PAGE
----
“Sartre said ‘Hell is other people.’ Well, Facebook is other people.”
In other words, the problems Facebook has become known for: The rise of hate speech, the trolling, the comment threads that seem to come from the underbelly of society? Yep, that’s hell right there, and frankly, why would you expect things to be different? That’s what people do.
That’s not our opinion, however: That’s Alex Stamos nailing the issue with Facebook squarely during a chat at the 2019 Collision Conference with Recode co-founder Kara Swisher. His opinion should carry some weight: Stamos is the former chief security officer (CSO) at Facebook, and while he’s no longer directly in touch with leadership at the social media giant, he’s probably should be. Stamos is something of a defender. He thinks the site has gotten a bad rap.
“I don’t think Facebook has ruined democracy,” he told a packed crowd in Toronto. “Facebook is misunderstood.”
Indeed, the issues we’ve seen at Facebook aren’t new, he pointed out. They are just getting a lot more public attention these days. Take the Russian election-hacking scandal, for example. That’s hardly the first time politicians have taken advantage of the reach and power of social media, he told Swisher. Barack Obama’s campaign used microtargeting and data on Facebook to crush Republican opponents in 2012.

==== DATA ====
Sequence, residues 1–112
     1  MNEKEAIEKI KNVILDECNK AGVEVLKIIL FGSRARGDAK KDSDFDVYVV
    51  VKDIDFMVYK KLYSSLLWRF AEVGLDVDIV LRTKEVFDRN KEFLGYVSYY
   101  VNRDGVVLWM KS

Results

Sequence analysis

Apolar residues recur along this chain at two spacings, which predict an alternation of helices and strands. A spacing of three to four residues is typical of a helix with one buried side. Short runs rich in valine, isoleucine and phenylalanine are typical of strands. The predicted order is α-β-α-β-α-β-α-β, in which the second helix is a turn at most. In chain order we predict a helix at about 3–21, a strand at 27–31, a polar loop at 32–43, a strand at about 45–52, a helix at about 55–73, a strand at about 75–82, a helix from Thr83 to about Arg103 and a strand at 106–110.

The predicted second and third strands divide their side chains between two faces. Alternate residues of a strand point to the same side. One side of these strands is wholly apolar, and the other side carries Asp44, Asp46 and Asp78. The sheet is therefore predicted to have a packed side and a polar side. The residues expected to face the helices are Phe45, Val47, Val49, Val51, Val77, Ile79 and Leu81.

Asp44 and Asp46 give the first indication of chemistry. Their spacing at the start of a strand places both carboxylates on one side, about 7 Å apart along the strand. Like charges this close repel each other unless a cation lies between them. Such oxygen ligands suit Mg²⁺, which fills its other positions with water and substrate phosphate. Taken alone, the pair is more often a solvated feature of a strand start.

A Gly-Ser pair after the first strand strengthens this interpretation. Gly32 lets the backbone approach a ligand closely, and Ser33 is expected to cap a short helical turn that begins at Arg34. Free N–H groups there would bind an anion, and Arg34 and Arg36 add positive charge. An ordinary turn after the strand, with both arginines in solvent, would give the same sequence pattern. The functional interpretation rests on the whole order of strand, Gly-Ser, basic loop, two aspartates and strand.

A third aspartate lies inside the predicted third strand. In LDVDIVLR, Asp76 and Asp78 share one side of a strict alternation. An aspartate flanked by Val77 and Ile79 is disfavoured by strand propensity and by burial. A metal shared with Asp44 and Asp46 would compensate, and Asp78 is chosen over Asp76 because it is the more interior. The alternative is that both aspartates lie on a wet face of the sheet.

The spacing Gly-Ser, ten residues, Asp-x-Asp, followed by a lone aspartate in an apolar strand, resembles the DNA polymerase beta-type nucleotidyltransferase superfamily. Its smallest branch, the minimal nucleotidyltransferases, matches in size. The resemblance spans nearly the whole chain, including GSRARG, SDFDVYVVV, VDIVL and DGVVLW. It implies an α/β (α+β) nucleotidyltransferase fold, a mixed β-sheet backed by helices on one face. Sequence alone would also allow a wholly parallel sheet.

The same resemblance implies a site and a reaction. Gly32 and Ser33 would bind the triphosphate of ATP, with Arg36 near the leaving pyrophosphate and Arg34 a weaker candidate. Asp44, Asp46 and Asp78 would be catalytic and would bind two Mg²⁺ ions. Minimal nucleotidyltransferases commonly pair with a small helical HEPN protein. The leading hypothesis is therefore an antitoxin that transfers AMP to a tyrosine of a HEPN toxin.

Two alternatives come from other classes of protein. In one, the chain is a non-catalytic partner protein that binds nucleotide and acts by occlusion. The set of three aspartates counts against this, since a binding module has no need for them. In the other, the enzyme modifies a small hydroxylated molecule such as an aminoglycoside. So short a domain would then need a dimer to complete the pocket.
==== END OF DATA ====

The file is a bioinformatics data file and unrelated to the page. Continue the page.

“That was the first election that was thrown by Facebook,” Stamos said. The big difference, in his eyes: Many journalists liked the outcome of the Obama election better. Hold on, Swisher said: It’s not so black and white.
“There’s a big difference between the Obama team and a group of Russians in [Saint] Petersburg manipulating people,” she said, pushing back. His point holds, however: People have been using social media to manipulate crowds for years, and will continue to do so. The Russian playbook from the 2016 election is out there, he said, and there’s a real risk that the 2020 election will be influenced by a similar campaign, whether by the Koch brothers or George Soros or whomever.
“Pick your billionaire,” Stamos said. “It’s easy to say we want to stop the Russians. It’s a lot harder to say we want to stop some sort of political super-PAC.”
Earlier in the day, Ev Williams — the co-founder of Twitter — offered a far more optimistic view of social media, though he’s not sure what it looks like exactly. “There is a better version of social media to be invented,” Williams said.
For Stamos, the problems are systemic: The way Silicon Valley rewards developers and programmers doesn’t encourage socially conscious development so much as profitable building. And Facebook itself? Sure, the site gets a bad rap, but it might be time for change, he said.
“I think there are legitimate antitrust arguments for breaking up Facebook and breaking YouTube from Google,” he said.
Again, Stamos said he’s no longer directly in touch with leadership there. But he probably should be.
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